So, in other words, only those willing to be cut and cauterized by the “flaming sword” reach the tree of life. Balaam—associated with Moab—is someone (by inference to Moab) associated with incest, someone inordinately absorbed with self; someone who inverts the stream or river of their life (greedily returning it back into themselves) rather than distributing it outward in blessings to others. The error of Balaam is to be close to the river of life, but not in it, nor to drink from it. The first mention of Balaam in the Bible finds him “by the river of the land of the children of his people” (Numbers 22:5 KJV). This first mention is the telling mark of his nature, and it characterizes him—and all those who never lay hold of life—as antilapsarians (those who deny the Fall of Mankind). They are near life, but never in it. This is the error of Balaam.
Later, the prophet tells us how to know the righteousness of God by looking at how Balaam answers the Moabite dilemma (we are all born of spiritual incest, but what we do with that fact determines our destiny). “O my people, remember now what Balak king of Moab consulted, and what Balaam the son of Beor answered him from Shittim (“plains or meadows of acacia”) unto Gilgal (“liberty” or “rolling away”); that ye may know the righteousness of the Lord” (Micah 6:5 KJV). The plains or meadows of acacia trees in the land of Moab is representative of essential or native human nature, and the liberty given by God in Christ Jesus—and the rolling away aspect that creates that liberty—is suggestive of God rolling away the stone off of the graves of our deaths, the removing of the force of our essential or native nature. This is to “know the righteousness of the Lord,” but the antilapsarian spirit of Balaam removes any chance of this righteousness by removing the fundamental ground of repentance upon which to build it.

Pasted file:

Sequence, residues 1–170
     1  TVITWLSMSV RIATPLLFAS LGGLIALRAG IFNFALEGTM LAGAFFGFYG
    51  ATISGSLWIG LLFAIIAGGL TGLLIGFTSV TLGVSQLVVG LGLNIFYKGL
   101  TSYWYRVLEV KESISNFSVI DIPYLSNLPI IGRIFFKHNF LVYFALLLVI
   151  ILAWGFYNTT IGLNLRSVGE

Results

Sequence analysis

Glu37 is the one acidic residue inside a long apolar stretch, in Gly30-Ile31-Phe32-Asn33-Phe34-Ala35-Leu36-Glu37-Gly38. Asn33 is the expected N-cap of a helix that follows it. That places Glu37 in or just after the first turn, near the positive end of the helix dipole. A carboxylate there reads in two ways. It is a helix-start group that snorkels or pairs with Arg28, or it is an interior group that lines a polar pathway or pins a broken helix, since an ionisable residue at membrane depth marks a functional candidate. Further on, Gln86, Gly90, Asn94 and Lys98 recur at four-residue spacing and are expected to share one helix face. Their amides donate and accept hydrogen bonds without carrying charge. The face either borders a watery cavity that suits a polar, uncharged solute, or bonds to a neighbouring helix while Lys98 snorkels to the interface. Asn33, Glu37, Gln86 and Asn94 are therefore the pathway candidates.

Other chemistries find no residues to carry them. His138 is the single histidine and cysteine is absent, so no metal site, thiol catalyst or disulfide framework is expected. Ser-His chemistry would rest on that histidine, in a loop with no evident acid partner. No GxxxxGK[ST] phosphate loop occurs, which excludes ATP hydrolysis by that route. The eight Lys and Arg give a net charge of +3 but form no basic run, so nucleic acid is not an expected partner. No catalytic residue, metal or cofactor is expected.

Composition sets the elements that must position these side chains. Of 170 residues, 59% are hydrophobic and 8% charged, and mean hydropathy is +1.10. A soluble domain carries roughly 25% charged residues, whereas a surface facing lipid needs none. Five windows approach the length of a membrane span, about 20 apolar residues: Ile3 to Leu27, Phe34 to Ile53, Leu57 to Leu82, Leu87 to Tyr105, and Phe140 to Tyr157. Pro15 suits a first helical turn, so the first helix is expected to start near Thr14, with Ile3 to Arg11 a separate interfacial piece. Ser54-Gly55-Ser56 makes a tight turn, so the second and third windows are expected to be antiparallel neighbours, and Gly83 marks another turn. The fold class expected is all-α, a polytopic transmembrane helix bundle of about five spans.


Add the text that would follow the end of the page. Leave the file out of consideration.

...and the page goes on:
The error of Balaam is therefore the error of not embracing God’s way when once we are brought to it (all those who heard the gospel but never obeyed it are included here). We cannot be righteous until we admit unrighteousness; we cannot know the narrow path of life until we get off the expansive plain of death. And then, once there, we must maintain that separation. The error of Balaam is the error of not embracing the circumcision of the cross that separates us away from our baser fallen nature in perpetuity (we must die daily to maintain that separation). The cutting edge of reality is the cross of Christ in sharp relief; God on the resurrection side of it must be encountered regularly to keep one's self out of hell, death, and the grave. As the apostle asked, “What partnership have right living and right standing with God with iniquity and lawlessness? Or how can light have fellowship with darkness? What harmony can there be between Christ and Belial [the devil]? Or what has a believer in common with an unbeliever? What agreement [can there be between] a temple of God and idols?” (2 Corinthians 6:14-16 Amp.). The error of Balaam is the antithesis instruction to guard ourselves from idols. “Little children, keep yourselves from idols (false gods)—[from anything and everything that would occupy the place in your heart due to God, from any sort of substitute for Him that would take first place in your life]” (1 John 5:21 Amp.).